Reduced numbers of people living with preventable ill health and people dying prematurely, whilst reducing the gap between communities


4.01 Infant mortality*

4.03 Mortality rate from causes considered preventable**

Alignment with NHS outcomes framework

* Indicator is shared

** Indicator is complementary

Safety and people's experience of care

Ensuring that care is safe and that people have a positive experience of care is vital in a high-quality service. It is important to consider these factors when planning and delivering services relevant to pregnant women who are considered to be at risk of preterm labour and birth.

NICE has developed guidance and an associated quality standard on patient experience in adult NHS services (see the NICE Pathway on patient experience in adult NHS services), which should be considered alongside this quality standard. This specifies that people receiving care should be treated with dignity, have opportunities to discuss their preferences, and be supported to understand their options and make fully informed decisions. It also covers the provision of information to patients and service users. Quality statements on these aspects of patient experience are not usually included in topic-specific quality standards. However, recommendations in the development sources for quality standards that affect people's experience of using services are specific to the topic are considered during quality statement development.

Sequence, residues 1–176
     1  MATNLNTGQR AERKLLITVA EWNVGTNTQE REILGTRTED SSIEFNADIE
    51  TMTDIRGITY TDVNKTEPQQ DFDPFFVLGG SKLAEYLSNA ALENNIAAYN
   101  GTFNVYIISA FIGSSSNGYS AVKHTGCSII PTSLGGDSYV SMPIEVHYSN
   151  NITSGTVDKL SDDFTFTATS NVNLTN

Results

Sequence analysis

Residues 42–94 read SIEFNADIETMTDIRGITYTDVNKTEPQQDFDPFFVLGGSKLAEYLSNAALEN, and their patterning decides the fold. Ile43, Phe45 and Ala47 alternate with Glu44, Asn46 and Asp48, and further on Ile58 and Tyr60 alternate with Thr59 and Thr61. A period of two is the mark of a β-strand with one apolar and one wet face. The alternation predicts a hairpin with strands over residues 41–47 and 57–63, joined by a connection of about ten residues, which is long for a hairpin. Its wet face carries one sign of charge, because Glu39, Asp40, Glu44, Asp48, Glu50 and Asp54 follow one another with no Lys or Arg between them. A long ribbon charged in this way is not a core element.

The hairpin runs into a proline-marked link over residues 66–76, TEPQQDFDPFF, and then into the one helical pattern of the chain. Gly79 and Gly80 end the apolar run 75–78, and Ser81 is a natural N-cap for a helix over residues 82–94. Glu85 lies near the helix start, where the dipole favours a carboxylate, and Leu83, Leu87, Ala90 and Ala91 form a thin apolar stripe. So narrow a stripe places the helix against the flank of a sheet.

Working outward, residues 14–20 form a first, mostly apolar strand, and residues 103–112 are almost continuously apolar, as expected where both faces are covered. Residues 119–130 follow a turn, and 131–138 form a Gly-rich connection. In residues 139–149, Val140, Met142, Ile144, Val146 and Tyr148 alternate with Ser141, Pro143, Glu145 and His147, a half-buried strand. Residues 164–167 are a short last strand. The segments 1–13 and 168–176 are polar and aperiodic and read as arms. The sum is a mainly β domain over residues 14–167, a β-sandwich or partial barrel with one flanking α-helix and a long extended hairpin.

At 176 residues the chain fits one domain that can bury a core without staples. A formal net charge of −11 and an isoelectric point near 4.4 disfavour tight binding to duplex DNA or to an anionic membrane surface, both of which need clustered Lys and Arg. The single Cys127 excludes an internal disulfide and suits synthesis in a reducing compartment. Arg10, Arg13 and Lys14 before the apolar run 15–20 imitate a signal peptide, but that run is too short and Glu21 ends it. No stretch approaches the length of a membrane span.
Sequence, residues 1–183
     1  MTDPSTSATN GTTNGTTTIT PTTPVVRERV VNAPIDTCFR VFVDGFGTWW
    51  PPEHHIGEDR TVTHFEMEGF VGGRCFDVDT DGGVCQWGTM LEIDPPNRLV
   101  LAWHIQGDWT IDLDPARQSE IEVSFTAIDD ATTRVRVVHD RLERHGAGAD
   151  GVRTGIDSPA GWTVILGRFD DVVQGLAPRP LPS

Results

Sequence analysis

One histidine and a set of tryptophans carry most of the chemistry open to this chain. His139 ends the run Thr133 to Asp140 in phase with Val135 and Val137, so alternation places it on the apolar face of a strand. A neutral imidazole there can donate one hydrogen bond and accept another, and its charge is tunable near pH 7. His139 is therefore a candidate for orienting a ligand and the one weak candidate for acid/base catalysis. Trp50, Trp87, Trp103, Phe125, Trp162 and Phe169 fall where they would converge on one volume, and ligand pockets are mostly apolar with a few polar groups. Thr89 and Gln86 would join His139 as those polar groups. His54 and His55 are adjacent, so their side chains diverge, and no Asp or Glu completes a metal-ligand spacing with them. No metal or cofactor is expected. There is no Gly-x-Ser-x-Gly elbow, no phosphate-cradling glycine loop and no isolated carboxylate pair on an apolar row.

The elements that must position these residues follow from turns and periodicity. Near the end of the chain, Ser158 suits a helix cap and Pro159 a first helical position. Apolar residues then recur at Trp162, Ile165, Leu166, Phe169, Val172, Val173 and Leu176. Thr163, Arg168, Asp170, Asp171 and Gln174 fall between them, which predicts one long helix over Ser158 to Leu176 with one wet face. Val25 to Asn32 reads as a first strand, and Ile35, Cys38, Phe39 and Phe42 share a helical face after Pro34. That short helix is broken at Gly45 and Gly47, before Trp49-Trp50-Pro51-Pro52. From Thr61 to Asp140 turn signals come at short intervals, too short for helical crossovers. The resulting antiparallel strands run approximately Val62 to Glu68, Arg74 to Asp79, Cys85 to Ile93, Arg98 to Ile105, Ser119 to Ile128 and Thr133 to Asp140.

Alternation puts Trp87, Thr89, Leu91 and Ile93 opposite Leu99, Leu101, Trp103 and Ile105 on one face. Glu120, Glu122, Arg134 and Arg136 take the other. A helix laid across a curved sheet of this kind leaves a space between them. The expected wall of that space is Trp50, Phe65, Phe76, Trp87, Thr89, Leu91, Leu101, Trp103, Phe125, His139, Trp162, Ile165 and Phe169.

Coordinated services

The quality standard for preterm labour and birth specifies that services should be commissioned from and coordinated across all relevant agencies encompassing the whole preterm labour and birth care pathway. A person-centred, integrated approach to providing services is fundamental to delivering high-quality care to pregnant women who are considered to be at risk of preterm labour and birth.

The Health and Social Care Act 2012 sets out a clear expectation that the care system should consider NICE quality standards in planning and delivering services, as part of a general duty to secure continuous improvement in quality. Commissioners and providers of health and social care should refer to the library of NICE quality standards when designing high-quality services. Other quality standards that should also be considered when choosing, commissioning or providing a high-quality preterm labour and birth service are listed in related quality standards.

Resource impact considerations

NICE quality standards should be achievable by local services. The potential resource impact is considered by the quality standards advisory committee, drawing on resource impact work for the source guidance. Organisations are encouraged to use the costing statement for the NICE guideline on preterm labour and birth to help estimate local costs.

Training and competencies

The quality standard should be read in the context of national and local guidelines on training and competencies. All healthcare professionals involved in assessing, caring for and treating pregnant women who are considered to be at risk of preterm labour and birth should have sufficient and appropriate training and competencies to deliver the actions and interventions described in the quality standard. Quality statements on staff training and competency are not usually included in quality standards. However, recommendations in the development source on specific types of training for the topic that exceed standard professional training are considered during quality statement development.

Role of families and carers

Quality standards recognise the important role families and carers have in supporting pregnant women who are considered to be at risk of preterm labour and birth. If appropriate, healthcare professionals should ensure that family members and carers are involved in the decision-making process about investigations, treatment and care.